A third of us are infected with Toxoplasma gondii, a parasite that can be transmitted to us by animals. Cats represent a major source of this organism, and are therefore a common route of infection for us since they continually shed the parasite. Consequently we can become infected with Toxoplasma gondii if we come into contact with anything that is contaminated with the organism as a result of a cat’s shedding. Some ways include:
- Contaminated soil (when gardening in an area where cats have defecated)
- Cleaning the cat litter box
- Contaminated water
- Undercooked meat (lamb, pork, and venison especially – these animals are infected by cats in the same way as we are)
- Cooking utensils coming into contact with undercooked, infected meats
Although many people are infected with this parasite, most are unaffected by it, and show no clinical symptoms since the immune system effectively prevents it from causing disease; however, clinical toxoplasmosis can be a real problem for people with weakened immune systems, such as:
- HIV infected patients
- Chemotherapy patients
- Organ-transplant recipients
Additionally, it poses a particular risk for unborn babies. A woman who comes into contact with the organism for the first time during her pregnancy may transmit it to the fetus in utero, resulting in birth defects or even infant fatalities. Transmission of the parasite to an unborn baby, however, is less likely if the woman has previously come into contact with the organism at least six months or more, prior to becoming pregnant.
Links With Brain Cancer?
Interestingly, a recent study reports a correlation between rates of infection of Toxoplasma gondii, and the incidence of brain cancer. Global data on brain cancer in people from 37 countries was collected and compared with the prevalence of Toxoplasma gondii infection in those regions. The research group reported that brain cancer rates increased in countries where the parasite was more prevalent.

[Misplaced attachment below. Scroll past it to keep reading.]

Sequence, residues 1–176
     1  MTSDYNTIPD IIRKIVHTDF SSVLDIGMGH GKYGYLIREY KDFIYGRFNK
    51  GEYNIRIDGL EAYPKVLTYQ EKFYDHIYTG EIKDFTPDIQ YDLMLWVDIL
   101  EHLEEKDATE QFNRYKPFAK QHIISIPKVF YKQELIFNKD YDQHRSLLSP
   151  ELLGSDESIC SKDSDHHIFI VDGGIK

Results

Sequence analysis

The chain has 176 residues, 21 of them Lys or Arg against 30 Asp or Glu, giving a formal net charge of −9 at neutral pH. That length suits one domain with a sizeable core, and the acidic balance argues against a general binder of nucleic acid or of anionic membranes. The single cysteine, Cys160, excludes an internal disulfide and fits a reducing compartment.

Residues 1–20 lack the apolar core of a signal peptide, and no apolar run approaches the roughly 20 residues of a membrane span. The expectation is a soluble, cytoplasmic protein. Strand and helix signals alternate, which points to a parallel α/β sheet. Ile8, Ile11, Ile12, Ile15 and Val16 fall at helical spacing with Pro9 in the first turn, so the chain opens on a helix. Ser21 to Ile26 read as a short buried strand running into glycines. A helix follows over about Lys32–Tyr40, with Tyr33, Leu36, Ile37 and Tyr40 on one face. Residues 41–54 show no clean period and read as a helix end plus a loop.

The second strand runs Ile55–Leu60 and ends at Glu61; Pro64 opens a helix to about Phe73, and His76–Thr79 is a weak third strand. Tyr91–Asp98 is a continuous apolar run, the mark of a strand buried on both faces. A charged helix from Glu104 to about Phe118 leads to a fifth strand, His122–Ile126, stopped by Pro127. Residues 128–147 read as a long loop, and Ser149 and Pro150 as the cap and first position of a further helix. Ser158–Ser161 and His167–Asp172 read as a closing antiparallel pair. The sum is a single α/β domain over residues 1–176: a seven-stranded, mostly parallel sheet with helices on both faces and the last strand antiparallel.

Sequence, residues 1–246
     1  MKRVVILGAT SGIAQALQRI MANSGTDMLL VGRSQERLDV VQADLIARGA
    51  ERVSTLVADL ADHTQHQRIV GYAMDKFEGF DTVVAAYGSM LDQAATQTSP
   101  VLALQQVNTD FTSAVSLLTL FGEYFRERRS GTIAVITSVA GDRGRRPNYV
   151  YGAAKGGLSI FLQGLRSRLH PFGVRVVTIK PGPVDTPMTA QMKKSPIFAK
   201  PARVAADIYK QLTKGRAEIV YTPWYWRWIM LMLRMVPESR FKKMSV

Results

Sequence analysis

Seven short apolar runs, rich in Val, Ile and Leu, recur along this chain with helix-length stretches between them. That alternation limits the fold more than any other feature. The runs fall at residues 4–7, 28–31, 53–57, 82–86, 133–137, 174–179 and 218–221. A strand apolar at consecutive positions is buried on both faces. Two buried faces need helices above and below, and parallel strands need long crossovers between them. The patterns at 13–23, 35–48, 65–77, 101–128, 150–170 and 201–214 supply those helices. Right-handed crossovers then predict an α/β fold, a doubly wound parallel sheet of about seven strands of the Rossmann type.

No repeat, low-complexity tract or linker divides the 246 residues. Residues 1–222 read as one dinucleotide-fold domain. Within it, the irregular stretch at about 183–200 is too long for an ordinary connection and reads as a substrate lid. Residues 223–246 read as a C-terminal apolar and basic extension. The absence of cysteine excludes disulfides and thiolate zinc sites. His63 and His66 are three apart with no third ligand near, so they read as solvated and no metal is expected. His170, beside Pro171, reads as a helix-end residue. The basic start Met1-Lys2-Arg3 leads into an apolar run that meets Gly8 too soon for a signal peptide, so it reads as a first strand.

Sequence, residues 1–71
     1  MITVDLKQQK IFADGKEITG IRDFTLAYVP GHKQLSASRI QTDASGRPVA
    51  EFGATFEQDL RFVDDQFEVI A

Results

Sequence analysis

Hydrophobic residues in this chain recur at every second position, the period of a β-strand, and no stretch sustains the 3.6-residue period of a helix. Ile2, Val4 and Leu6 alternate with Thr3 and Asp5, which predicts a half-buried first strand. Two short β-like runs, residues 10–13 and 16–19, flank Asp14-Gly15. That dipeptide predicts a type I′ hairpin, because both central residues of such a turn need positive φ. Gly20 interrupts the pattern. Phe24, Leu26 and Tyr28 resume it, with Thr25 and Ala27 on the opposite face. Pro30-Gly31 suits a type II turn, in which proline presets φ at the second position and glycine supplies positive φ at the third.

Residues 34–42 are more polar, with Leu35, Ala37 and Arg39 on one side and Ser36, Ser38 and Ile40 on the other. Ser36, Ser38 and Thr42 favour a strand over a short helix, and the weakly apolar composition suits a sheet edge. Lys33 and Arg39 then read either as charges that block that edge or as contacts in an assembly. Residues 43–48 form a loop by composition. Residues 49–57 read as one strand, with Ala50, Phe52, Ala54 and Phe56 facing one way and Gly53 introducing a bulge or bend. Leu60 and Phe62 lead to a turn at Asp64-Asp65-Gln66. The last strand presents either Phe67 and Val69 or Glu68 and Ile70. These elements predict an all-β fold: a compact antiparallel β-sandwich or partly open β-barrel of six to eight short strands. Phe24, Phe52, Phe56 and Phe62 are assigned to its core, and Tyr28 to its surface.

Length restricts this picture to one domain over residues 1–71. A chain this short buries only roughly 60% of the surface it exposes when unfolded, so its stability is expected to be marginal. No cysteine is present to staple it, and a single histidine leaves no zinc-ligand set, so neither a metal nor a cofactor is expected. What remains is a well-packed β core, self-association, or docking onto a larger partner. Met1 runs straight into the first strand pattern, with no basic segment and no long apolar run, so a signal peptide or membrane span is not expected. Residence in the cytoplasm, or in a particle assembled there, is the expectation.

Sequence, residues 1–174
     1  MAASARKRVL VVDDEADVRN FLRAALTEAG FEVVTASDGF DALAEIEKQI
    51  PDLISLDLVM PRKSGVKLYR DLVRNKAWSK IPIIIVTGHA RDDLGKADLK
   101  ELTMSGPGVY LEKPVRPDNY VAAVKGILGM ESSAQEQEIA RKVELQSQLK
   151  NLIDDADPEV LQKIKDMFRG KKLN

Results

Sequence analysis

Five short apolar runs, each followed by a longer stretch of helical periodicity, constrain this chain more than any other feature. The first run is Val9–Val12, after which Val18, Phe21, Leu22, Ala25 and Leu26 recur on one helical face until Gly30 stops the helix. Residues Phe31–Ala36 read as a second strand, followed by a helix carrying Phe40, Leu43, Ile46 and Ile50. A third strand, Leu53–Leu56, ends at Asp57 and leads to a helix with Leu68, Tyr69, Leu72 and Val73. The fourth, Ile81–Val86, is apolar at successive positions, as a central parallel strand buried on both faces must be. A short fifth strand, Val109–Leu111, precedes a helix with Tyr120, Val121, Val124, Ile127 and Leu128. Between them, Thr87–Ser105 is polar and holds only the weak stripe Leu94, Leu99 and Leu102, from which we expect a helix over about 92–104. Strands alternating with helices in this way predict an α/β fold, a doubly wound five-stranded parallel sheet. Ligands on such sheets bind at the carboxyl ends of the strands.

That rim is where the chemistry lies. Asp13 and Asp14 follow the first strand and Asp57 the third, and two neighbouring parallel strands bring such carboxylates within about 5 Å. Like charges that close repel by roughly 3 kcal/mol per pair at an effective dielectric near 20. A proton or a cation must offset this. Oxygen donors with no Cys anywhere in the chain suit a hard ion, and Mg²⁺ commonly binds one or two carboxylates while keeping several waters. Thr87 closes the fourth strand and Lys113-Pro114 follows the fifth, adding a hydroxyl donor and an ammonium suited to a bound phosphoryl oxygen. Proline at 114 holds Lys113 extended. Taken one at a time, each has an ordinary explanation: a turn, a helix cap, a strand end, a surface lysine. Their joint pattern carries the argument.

This ecological study, however, merely points to a correlation between the two events – it does not imply that the parasite actually causes brain cancer in people. And certainly the opposite could be true – it’s not impossible that brain cancer could be the driving factor behind Toxoplasma gondii infection.
So as it stands, this report does not prove cause and association, but is predominantly hypothesis-generating, and does provoke scientific curiosity. In the words of one of the authors:“These were the best data available and we felt they were sufficient to take the first step. Working with actual brain cancer patients is an obvious next step, but it would be an expensive proposition. It is a lot easier to justify the second, expensive step when you have some evidence for the hypothesis. We are hoping that our results motivate others in the field to do further studies.”
Thomas, Lafferty, Brodeur, Elguero, Gauthier-Clerc & Misse. 2011. Incidence of adult brain cancers is higher in countries where the protozoan parasite Toxoplasma gondii is common. Biology Letters